HR Magazine – The six types of CEO
Are you stuck with the wrong type of CEO? Or wary of having difficult conversations? CEO confidant Steve Tappin explains how to identify and interact with leaders.
The single biggest problem for HRDs is their inability to influence and shift their CEO towards the right HR agenda for the company. Despite the image most HRDs portray, with a few notable exceptions, they do not tend to have a major impact on the CEO and broader business agenda beyond the mechanics of HR.
The reason for this is simple: the majority of HRDs don’t understand the type of CEO they are dealing with.
My career-long mission has been to work with the world’s top CEOs. This has helped me understand there is not one way to be a CEO in the Western world; there are about six different ways that they do the job.
Each CEO type has a different set of motivations, strengths and challenges. Sometimes a CEO can have two or three different CEO types, but they normally have only one. These types are: the commercial executor, the financial value driver, the corporate entrepreneur, the corporate ambassador, the global missionary and the people champion.
It is fundamental that the HRD understands what type of CEO they have, so they can understand how HR fits into the CEO’s leadership. This determines how much ‘freedom to act’ the HRD is likely to have and whether their role is going to be limited to execution, to education, or being a confidant.
For example, when working with a commercial executor CEO, a HRD will be limited by the question: ‘How does this impact on the bottom line?’ Or with a value driver: ‘How does this impact share price?’ If you work with a global missionary, a corporate ambassador or a people champion, you will probably be left to get on with it.
Knowing the CEO type provides a framework for communicating with him or her. For example, a value-driver CEO likes options and choices. The key way to move and engage them is to talk about repetitional risk and soft failure risks, making sure they are clear on the consequences of failure. The CEO type also helps you understand the ‘pull’ agenda, what the company is likely to expect from you, and also your ‘push agenda’, what will be resisted and what will not be valued.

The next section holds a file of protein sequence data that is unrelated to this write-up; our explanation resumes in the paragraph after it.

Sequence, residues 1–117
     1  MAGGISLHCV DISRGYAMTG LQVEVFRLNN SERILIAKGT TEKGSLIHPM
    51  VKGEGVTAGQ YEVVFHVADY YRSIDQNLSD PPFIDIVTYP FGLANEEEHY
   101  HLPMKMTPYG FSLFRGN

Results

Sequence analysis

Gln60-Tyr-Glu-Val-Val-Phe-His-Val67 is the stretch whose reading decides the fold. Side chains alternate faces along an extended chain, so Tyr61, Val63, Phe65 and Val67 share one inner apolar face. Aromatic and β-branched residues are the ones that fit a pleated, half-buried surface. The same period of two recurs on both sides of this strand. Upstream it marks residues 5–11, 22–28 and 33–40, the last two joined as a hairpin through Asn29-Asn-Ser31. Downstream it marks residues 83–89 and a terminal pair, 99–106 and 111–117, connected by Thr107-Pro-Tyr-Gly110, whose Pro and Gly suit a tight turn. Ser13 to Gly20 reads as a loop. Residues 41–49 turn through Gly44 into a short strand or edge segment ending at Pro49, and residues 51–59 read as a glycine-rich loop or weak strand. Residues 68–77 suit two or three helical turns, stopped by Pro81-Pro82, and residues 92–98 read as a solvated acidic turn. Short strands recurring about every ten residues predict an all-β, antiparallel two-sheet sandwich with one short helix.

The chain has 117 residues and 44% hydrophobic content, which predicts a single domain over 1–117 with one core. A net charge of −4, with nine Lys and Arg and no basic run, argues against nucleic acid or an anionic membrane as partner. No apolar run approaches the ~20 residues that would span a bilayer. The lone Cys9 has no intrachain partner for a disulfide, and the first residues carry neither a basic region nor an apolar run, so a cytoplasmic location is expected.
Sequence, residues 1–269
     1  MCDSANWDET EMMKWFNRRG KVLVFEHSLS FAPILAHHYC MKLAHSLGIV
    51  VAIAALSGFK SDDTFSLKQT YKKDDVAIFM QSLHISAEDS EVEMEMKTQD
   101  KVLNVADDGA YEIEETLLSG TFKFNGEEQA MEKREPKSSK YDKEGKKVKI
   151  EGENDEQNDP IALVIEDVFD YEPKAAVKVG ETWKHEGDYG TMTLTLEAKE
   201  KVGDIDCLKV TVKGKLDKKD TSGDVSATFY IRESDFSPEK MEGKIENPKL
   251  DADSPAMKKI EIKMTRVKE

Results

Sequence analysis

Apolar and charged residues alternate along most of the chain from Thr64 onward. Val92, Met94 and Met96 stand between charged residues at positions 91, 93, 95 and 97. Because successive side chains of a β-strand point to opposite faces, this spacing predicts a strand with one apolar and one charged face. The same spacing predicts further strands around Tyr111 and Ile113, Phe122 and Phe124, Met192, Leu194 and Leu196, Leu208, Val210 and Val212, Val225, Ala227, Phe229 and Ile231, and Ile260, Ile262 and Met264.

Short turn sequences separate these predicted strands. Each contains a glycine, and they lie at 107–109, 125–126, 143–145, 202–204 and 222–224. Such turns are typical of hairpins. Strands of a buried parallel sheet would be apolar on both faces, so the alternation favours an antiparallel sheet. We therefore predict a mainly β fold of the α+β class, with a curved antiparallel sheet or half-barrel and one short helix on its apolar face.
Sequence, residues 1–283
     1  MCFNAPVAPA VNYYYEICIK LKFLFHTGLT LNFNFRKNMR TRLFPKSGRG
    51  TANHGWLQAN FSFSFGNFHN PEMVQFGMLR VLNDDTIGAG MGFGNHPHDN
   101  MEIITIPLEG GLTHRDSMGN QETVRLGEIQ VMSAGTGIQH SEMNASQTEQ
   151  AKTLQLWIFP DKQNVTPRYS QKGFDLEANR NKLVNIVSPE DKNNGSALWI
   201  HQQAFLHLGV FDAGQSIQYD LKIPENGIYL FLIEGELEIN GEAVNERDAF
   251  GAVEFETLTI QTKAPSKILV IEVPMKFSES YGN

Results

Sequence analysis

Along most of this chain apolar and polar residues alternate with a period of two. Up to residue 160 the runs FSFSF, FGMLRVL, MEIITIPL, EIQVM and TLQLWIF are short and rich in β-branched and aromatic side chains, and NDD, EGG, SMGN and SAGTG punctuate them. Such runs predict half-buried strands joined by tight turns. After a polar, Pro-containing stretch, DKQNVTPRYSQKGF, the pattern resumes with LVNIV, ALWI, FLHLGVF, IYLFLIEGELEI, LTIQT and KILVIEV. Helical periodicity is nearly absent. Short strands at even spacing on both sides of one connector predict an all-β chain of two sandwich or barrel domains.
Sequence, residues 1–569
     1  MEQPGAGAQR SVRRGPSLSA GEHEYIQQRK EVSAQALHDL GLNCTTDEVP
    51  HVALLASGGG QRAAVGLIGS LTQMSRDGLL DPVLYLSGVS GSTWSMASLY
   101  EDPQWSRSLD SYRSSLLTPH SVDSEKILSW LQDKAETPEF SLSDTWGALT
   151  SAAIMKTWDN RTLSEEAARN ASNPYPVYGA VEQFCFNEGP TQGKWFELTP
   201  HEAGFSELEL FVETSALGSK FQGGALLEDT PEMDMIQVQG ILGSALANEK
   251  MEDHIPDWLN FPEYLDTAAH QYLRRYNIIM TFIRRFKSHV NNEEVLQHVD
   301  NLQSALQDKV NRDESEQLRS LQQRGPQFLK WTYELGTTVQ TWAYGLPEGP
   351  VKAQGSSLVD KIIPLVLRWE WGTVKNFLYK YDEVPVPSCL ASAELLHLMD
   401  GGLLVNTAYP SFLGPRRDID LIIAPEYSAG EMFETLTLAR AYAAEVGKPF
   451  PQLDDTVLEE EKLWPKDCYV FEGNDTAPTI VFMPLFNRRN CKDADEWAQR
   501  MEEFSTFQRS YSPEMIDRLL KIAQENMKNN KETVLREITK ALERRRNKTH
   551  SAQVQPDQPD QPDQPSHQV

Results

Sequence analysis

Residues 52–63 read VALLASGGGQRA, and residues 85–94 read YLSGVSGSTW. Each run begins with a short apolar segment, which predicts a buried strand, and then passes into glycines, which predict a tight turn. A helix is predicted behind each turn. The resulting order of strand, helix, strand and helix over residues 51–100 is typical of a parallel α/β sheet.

The six types of CEO
CEO type: Commercial executor
Measure of success: Business metrics
Typical traits: Driving focus to be the best in their industry; relentless focus and attention to detail; interested in performance management
CEO type: Financial value driver
Focus: Shareholder value
Measure of success: EPS
Typical traits: Grasp of key value metrics for the industry; focus on transactions and portfolio disposals; sees HR as a necessary evil
CEO type: Corporate entrepreneur
Focus: Personal mission
Measure of success: Cash
Typical traits: Something to prove; belief in a better way; searching for breakthrough opportunities; the company is their life; sees HR as being mainly hiring and firing
CEO type: Corporate ambassador
Measure of success: Market cap
Typical traits: Global vision for societal impact; operates at the geopolitical level; transforms industries
CEO type: Global missionary
Focus: Corporate potential
Measure of success: Holistic management measures
Typical traits: Personal mission to make a significant difference; corporate mission to make their company great
CEO type: People champion
Focus: People and culture
Measure of success: Engagement
Typical traits: Personable; excellent communicator; warm with strong values; fundamental belief in people
Having courageous conversations
HRDs often talk a big game when in reality they don’t have the impact and influence they’d like. There are several reasons for this, such as not being commercially savvy enough, but the most important is the inability to have more courageous conversations.
To enable these conversations, HRDs need to set up the relationship between themselves and the CEO in the right way. You can think of it a bit like the parent-child model. In that relationship, the parent – or CEO – knows best and has the authority. The child – or HRD – is expected to deliver and not let the parent down.
In an adult-to-adult relationship, there are two peers with mutual respect and trust. Via back-and-forth iterations, they will work out the best solution (although the ultimate decision rests with the CEO).
There are several important but difficult conversations that HRDs should be having with their CEOs. Making decisions to move on an under-performing ExCo colleague for example, dealing with inappropriate behaviour of high performers, raising blind spots in the CEO’s own performance, or standing behind an HR initiative the CEO doesn’t want.
But one of the most important is having the courage to invest
in their own personal development. HRDs often have big budgets and are responsible for developing others, but are afraid to invest in themselves. They can worry about the perception of colleagues and accusations of self-indulgence. Yet many CEOs would welcome it to see an improvement on the HRD’s organisational impact and on the business as a whole.